Continuing Revelation: Essays on Doctrine
Signature Books, 2021. Print-on-demand. Paperback. 271pp. Determining what is and what is not Mormon doctrine is a difficult endeavor. The Church of Jesus Christ of Latter-day Saints embraces four books of scripture as its canon, but also believes the church is led by a living prophet. Additions to the canon have been rare since the death of church founder Joseph Smith. Joseph Fielding Smith, tenth church president, said that if the prophet ever contradicts canon, canon prevails. On the other hand, Ezra Taft Benson, the church’s thirteenth president, said that the living prophet’s words are more important than cannon. Such messages create no shortage of confusion among church members.
The question “What is doctrine?” opens the door for theologians and historians to wrestle over the answer, and to do so thoughtfully and insightfully. In Continuing Revelation, editor Bryan Buchanan has compiled essays that seek greater understanding about what doctrine is and why it matters.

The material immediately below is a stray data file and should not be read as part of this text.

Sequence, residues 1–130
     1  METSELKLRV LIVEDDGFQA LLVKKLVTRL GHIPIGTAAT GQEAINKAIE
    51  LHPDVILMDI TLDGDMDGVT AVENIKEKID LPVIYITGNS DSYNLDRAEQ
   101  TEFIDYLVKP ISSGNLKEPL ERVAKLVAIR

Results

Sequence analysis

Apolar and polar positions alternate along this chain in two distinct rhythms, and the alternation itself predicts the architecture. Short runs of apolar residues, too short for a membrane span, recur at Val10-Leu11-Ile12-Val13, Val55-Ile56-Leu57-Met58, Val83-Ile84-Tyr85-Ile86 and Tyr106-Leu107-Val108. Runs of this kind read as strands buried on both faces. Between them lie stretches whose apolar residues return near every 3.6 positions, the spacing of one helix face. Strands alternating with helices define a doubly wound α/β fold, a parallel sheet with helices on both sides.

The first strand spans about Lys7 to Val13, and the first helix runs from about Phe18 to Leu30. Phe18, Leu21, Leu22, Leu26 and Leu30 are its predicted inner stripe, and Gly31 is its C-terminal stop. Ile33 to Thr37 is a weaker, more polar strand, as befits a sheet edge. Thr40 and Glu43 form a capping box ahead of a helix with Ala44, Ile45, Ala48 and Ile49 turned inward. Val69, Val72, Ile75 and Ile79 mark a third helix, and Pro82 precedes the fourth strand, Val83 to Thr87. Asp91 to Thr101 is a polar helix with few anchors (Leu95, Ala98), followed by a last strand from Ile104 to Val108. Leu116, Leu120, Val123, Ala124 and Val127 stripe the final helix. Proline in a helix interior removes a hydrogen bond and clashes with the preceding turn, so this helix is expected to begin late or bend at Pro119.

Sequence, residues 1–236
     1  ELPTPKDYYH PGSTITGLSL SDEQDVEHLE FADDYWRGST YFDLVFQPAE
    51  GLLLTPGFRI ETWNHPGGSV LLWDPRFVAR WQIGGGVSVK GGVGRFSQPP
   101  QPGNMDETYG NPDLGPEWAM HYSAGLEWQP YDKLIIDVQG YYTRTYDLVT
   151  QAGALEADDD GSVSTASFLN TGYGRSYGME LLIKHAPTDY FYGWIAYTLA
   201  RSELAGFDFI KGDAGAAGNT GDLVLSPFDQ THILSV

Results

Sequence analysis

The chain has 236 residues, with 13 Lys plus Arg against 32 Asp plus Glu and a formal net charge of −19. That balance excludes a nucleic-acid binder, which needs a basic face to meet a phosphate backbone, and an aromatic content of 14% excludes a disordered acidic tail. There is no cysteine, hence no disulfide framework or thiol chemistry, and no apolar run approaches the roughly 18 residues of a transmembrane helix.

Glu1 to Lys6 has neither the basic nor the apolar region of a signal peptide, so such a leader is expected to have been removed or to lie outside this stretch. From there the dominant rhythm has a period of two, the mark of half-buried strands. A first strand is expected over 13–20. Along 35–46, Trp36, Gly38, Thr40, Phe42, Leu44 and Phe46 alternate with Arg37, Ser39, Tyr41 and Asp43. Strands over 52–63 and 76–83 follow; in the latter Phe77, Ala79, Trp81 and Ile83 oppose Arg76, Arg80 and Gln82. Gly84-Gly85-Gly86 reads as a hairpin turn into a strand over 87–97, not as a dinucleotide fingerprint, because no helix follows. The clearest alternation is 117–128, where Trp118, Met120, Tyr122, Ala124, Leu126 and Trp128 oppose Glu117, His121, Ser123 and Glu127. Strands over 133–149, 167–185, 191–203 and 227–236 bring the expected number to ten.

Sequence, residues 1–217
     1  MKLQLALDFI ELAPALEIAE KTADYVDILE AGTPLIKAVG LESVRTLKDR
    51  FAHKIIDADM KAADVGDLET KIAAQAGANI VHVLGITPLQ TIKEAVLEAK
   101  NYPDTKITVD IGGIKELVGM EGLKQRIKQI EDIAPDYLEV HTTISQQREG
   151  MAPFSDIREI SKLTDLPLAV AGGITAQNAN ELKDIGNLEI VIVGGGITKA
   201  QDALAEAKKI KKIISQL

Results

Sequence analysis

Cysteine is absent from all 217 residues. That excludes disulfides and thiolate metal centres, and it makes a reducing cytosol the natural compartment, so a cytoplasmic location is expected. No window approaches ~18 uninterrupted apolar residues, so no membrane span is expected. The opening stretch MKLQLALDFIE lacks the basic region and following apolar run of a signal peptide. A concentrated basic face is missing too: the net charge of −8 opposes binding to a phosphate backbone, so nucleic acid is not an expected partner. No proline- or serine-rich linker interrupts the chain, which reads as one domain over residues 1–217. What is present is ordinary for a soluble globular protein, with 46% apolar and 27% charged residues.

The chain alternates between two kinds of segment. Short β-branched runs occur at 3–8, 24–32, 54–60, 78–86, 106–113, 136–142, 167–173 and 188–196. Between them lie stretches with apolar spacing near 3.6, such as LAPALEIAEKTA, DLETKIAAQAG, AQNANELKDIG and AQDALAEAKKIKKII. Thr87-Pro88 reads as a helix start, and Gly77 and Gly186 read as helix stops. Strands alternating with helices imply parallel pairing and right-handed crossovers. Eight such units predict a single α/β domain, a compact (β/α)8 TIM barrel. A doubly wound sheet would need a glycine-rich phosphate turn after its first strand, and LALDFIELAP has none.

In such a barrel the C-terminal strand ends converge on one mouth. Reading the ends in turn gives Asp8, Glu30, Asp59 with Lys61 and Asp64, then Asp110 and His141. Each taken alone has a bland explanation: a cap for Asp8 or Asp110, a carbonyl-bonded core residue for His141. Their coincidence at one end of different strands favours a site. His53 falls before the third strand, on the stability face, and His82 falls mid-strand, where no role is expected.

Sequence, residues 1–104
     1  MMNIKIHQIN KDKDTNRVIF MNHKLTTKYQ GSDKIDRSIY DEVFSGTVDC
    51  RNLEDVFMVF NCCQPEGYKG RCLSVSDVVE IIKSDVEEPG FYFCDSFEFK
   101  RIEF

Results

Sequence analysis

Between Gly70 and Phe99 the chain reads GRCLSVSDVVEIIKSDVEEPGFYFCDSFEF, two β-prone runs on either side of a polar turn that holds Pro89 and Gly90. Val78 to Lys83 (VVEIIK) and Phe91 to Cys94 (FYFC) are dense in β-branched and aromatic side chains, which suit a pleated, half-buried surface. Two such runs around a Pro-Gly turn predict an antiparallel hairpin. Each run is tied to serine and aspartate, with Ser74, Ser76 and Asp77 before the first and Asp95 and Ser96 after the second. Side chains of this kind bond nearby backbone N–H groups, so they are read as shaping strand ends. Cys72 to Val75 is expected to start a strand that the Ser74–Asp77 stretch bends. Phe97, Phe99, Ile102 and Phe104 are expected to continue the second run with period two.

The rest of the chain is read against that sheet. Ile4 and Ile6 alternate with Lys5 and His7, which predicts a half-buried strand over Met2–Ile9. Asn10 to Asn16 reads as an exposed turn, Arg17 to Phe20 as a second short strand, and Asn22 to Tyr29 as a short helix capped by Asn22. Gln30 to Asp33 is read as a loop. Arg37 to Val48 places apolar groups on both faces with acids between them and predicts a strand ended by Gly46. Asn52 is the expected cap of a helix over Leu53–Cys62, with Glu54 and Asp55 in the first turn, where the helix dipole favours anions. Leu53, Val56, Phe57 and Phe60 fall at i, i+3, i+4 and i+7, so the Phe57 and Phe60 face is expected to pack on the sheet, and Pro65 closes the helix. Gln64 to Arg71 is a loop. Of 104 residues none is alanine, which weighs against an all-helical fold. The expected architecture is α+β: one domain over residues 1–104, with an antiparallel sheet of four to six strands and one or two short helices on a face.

The Challenge of Defining LDS Doctrine, by Loyd Isao Ericson • LDS Theology and the Omnis: The Dangers of Theological Speculation, by David H. Bailey • Crawling out of the Primordial Soup: A Step toward the Emergence of an LDS Theology Compatible with Organic Evolution, by Steven L. Peck • “To Destroy the Agency of Man”: The War in Heaven in LDS Thought, by Boyd Petersen • Three Sub-Degrees in the Celestial Kingdom?, by Shannon P. Flynn • Heavenly Mother: The Mother of All Women, by Blaire Ostler • Mormonism and the Problem of Heterodoxy, by Kelli D. Potter • Women at the Gates of Mortality: Relief Society Birth and Death Rituals, by Susanna Morrill • “Shake Off the Dust of Thy Feet”: The Rise and Fall of Mormon Ritual Cursing, by Samuel R. Weber • “Satan Mourns Naked Upon the Earth: Locating Mormon Possession and Exorcism Rituals in the American Religious Landscape, 1830–1977, by Stephen C. Taysom. New. Item #34667